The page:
Tuesday, December 26, 2017

how to make a christmas elf

I saw the cutest elf on social media and thought ..... what a great idea for Christmas for the little ones in our family.

I'll make one for each kid (happy excited face). Then I counted .... the total - 27. Still with my excited voice in my head, but less enthusiastic .... let's only make 1 per family. That brought my count down to 10.

I've attached the pattern and embroidery file (for Brother) below.

I thought a lot about the gender part of the elf. Do I put dresses on the girls and pants on the boys? Can I make just one elf in a gender neutral way? I made a couple different faces and showed them to my 3 year old grandson. When I asked him to pick the one he liked the best, he pointed to the one I purposely made more feminine. 

My mom came to visit for a week during Thanksgiving and she helped cut all the fabric. Thank goodness for mom cause cutting is the WORST!

While she was cutting, I embroidered the faces, shirts, and boots.

I sewed, then lightly stuffed the ears, attaching them to the neck and head back.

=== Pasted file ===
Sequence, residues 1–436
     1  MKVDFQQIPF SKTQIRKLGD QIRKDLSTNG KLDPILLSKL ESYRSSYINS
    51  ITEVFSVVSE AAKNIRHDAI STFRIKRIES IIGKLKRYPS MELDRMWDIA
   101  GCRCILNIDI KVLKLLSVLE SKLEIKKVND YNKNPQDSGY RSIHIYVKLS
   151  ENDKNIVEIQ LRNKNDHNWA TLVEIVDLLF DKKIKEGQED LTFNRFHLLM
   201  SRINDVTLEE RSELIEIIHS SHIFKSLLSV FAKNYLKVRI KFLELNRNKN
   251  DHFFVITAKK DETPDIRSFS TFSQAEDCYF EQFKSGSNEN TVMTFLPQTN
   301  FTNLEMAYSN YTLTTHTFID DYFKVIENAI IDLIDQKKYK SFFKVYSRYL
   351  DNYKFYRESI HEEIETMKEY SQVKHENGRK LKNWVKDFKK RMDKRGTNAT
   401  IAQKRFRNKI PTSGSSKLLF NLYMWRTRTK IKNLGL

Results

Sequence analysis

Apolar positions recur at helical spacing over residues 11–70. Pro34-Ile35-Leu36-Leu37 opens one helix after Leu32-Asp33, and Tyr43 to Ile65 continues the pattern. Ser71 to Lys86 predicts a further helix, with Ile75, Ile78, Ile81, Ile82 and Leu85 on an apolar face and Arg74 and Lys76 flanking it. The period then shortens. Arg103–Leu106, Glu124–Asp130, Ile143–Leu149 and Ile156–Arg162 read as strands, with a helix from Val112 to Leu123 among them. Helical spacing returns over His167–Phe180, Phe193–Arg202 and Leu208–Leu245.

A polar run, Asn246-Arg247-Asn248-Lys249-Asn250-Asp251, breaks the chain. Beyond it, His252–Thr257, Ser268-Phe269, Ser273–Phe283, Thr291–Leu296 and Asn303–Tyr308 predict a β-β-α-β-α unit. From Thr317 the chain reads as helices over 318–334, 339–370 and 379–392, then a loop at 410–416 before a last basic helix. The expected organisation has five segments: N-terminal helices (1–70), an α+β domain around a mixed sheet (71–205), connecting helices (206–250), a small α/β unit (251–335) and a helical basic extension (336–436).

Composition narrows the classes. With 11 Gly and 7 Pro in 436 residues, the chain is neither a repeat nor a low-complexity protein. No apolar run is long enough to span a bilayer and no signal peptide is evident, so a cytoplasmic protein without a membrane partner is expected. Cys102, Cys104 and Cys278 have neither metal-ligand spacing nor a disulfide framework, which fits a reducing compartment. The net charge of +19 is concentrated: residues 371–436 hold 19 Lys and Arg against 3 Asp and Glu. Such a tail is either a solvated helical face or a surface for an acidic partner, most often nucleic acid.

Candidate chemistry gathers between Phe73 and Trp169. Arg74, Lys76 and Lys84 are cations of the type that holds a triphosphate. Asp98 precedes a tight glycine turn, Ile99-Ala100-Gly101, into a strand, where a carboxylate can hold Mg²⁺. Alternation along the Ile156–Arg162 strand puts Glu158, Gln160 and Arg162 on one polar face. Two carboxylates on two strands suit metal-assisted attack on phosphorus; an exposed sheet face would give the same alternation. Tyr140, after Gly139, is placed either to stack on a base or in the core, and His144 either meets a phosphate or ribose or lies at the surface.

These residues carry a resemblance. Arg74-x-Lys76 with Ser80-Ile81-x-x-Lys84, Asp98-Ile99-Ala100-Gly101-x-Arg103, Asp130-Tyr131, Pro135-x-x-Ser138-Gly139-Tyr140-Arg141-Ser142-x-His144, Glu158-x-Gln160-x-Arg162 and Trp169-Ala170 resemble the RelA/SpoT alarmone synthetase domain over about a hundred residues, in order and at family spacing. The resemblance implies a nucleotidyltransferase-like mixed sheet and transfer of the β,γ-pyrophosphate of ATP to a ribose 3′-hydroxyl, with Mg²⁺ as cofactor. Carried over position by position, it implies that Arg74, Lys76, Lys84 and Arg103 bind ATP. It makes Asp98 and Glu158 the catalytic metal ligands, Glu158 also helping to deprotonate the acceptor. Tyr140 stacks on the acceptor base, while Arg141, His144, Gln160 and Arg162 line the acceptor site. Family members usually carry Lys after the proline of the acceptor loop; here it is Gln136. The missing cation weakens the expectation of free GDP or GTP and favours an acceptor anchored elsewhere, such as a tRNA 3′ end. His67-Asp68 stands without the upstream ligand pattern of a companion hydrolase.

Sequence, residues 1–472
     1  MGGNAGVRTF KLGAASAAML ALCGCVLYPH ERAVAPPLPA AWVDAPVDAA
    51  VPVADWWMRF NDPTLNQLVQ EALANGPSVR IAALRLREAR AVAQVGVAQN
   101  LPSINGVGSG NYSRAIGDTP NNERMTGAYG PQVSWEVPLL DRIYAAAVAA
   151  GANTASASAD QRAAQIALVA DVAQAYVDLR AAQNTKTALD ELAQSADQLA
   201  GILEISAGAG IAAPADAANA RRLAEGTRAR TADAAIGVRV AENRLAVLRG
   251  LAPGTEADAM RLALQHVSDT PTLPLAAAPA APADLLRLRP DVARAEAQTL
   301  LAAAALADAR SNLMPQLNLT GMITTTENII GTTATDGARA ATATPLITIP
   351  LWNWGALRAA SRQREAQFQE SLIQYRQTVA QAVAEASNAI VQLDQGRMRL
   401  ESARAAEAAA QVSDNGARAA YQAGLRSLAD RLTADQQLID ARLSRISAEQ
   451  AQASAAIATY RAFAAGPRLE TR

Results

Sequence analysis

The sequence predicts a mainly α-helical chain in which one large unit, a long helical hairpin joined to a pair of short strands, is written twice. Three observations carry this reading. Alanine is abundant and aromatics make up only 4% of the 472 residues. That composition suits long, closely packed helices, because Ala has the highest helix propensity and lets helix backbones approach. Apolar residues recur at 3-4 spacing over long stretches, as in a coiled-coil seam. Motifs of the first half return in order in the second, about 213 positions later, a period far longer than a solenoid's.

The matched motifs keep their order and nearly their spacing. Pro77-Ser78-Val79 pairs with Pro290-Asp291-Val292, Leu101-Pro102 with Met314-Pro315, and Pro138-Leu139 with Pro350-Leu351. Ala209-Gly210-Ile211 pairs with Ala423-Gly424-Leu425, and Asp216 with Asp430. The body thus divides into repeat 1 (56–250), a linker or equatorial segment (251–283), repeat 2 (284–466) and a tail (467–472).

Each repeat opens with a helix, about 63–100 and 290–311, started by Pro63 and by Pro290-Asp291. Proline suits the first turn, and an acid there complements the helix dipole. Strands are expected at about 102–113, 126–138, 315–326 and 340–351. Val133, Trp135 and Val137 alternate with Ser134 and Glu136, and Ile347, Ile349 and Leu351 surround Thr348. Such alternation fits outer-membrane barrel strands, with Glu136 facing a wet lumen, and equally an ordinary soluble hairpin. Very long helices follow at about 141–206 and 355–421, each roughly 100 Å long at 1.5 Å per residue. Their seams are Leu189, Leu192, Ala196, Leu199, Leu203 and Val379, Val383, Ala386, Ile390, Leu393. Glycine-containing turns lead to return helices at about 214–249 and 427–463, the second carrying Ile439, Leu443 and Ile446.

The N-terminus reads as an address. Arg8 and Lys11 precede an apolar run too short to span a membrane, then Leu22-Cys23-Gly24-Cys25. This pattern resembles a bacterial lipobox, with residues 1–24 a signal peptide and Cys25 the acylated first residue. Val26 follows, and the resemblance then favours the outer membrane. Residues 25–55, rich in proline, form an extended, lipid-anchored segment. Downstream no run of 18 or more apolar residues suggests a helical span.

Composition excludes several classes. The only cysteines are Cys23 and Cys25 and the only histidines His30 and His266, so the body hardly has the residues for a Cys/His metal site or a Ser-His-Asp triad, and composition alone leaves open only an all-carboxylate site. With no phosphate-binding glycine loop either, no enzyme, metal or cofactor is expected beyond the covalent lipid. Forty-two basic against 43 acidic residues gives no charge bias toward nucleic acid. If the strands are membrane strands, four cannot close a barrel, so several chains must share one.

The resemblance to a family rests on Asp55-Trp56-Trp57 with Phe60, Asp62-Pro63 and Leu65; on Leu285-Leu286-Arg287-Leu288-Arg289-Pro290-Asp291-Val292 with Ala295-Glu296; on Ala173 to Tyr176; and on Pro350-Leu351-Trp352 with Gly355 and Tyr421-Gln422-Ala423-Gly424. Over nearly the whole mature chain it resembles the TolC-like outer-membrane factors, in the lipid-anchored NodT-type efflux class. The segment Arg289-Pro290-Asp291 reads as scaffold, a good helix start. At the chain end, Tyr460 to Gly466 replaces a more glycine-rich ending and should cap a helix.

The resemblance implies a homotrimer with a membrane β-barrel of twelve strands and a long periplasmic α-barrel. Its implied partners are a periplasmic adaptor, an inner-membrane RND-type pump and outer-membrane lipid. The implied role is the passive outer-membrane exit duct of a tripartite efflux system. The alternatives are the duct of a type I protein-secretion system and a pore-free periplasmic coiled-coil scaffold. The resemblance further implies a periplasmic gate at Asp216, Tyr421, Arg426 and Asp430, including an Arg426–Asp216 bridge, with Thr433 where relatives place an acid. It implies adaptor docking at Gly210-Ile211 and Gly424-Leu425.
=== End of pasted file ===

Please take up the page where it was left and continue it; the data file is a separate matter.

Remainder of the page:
Then came the neck piece.

Legs were next. Sew together the legs, white shoe trim, and big elf shoes.

Fold in half and sew. For each arm and leg, leave a small spot between the notches for stuffing.

Turn them right side out.

Sew the little pleats in the arms.

Add the hands.

Sew together and turn right side out. Again, leave little openings between the notches for stuffing.

Next the body front. Sew the body top to the bottom, matching up notches.

Sew the legs to the body bottom.

Make sure the feet go the way you want.

Sew down the arms.

Here's the back bottom and top. There is one photo with 3 different phases of the construction. 

Sew the back and bottom to the front, matching up the notches.

Shove everything inside the body.

Turn the head right side out and shove inside the body too, matching up the notches. Sew. This is the toughest part of the whole thing. Double stitch to make sure everything stays together.

Pull everything right side out and stuff. I stuffed the head and body VERY firm.  The arms and legs were stuffed lightly to make them more bendable.

Hand sew up all the little openings that you used for stuffing and add the hat. I sewed the hats to the head. Then I used a little fabric glue over the back and where the bell was connected to the hat.

I could not be happier to put these guys into their boxes and send them on their way to their kid house. While I realize that not all the kids will be crazy about their elf, I do hope they know that each one was made with love and with them in mind.